Last week the ministry of labour announced it was penalising 33 companies for violating laws regarding working hours in open spaces during the summer months. A few weeks earlier, authorities said they were punishing another 84 companies for the same reason — making their employees work in the scorching heat between 11:30am and 3:00pm. The guilty companies were handed notices forcing them to shut down operations for three days.
Compared to other countries in the region, the fact that regular inspections are taking place and companies are being punished for not adhering to the law is seen as a positive thing here in Qatar and testament to the improvements made in upholding workers’ rights. However it is becoming increasingly clear that far more needs to be done. These penalties just aren’t enough.
The fact that 117 companies were penalised in the space of two weeks is proof that business owners quiet simply do not fear the law. The penalty of suspending work for three days is evidently not a deterrent and therefore is not enough to protect vulnerable migrant workers who depend on the law to to protect them against greedy bosses and exploitive businesses.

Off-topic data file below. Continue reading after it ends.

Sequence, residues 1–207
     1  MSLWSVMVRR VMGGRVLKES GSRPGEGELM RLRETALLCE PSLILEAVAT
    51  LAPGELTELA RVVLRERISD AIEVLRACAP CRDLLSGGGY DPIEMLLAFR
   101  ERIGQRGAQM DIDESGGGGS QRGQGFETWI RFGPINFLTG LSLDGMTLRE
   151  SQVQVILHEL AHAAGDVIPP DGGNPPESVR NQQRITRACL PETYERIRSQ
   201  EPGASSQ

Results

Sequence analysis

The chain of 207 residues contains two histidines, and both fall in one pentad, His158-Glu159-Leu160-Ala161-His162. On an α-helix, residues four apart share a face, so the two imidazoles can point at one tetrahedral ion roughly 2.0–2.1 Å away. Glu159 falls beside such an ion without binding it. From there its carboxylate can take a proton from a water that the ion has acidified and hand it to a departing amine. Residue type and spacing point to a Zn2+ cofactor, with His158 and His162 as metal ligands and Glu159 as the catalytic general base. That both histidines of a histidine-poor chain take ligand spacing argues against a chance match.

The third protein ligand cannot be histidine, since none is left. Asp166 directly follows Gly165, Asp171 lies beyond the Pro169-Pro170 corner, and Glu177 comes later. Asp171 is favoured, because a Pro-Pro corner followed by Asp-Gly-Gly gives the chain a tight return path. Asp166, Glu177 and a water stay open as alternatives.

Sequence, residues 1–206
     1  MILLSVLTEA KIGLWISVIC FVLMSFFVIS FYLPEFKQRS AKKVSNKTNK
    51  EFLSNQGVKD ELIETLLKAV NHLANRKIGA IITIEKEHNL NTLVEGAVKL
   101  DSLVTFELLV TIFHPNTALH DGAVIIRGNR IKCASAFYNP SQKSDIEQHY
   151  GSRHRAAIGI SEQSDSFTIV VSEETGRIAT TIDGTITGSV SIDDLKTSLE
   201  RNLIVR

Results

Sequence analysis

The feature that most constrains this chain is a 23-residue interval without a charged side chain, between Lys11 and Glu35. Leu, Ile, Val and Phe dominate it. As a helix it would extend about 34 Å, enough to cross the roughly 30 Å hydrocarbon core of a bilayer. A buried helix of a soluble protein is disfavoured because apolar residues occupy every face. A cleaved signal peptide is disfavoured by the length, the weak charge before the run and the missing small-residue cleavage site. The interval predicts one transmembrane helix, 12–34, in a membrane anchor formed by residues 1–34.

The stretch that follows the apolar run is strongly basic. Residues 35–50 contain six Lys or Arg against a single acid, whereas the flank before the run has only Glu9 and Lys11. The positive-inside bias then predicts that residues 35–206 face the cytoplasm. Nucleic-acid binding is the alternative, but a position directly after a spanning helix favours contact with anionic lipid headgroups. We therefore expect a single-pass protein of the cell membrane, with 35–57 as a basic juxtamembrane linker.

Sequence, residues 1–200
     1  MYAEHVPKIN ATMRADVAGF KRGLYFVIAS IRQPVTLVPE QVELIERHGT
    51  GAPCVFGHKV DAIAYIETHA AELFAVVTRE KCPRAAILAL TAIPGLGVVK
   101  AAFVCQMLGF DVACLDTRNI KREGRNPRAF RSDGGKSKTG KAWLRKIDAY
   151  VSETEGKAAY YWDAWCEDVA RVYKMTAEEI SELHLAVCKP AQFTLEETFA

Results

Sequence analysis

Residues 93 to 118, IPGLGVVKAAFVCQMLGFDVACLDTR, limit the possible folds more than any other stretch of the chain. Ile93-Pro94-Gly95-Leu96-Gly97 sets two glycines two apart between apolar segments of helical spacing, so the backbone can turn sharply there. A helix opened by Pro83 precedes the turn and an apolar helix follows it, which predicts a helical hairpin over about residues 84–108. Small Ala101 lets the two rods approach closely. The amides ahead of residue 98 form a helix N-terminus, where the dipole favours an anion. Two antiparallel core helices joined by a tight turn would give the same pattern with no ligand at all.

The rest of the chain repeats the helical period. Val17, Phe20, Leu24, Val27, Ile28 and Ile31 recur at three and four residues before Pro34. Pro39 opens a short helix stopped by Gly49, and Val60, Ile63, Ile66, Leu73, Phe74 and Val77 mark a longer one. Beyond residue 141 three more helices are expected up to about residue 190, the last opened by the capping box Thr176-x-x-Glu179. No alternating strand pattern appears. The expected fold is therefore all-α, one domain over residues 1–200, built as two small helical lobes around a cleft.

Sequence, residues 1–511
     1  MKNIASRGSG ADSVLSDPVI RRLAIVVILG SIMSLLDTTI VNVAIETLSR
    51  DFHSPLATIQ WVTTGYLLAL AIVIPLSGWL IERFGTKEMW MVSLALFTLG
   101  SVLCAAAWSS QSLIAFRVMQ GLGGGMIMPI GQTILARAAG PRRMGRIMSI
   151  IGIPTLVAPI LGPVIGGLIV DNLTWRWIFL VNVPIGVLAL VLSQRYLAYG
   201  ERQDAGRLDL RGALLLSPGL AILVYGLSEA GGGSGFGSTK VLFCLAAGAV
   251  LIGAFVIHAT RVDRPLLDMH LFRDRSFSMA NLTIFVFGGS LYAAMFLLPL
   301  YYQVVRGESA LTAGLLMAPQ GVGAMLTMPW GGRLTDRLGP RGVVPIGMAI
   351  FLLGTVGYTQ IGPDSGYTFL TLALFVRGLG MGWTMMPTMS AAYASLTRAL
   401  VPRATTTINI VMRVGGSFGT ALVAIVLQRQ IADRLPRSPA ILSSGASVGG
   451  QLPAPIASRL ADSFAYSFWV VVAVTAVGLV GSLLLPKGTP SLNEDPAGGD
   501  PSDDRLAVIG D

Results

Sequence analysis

There have been calls for hefty financial fines to be introduced for companies that breach labour laws, after all their mentality appears to be to put profit over humans, so why not hit them where it hurts the most? For a while now we’ve heard murmurings that the government would expand its black-list policy to include companies that make their employees work in the summer heat. Currently the black-list is for businesses that withhold salaries, and those placed on it are prevented from taking part in tenders and even from operating in Qatar. Surely that would make business owners think twice before breaching labour laws.
Last month the cabinet of ministers announced it had preliminarily approved a set of laws and increase in penalties for those who break labour laws. But to date no details of these planned new legislations have been announced, although Doha News has heard from some unofficial sources that the new laws will include things specific to summer working conditions.
Unless authorities start putting their foot down it is the government that will suffer the most. After all the headlines never read “Construction company mistreats workers” — it is always “Qatar”. All the while these business owners continue to make profit and face little to no consequence. The penalty for insulting the Qatari flag can include a three year jail sentence, surely giving your nation a bad name on the international stage by mistreating those physically building your country is a worse offence?
Are you someone who’s been made to work outdoors during prohibited times? Let us know — firstname.lastname@example.org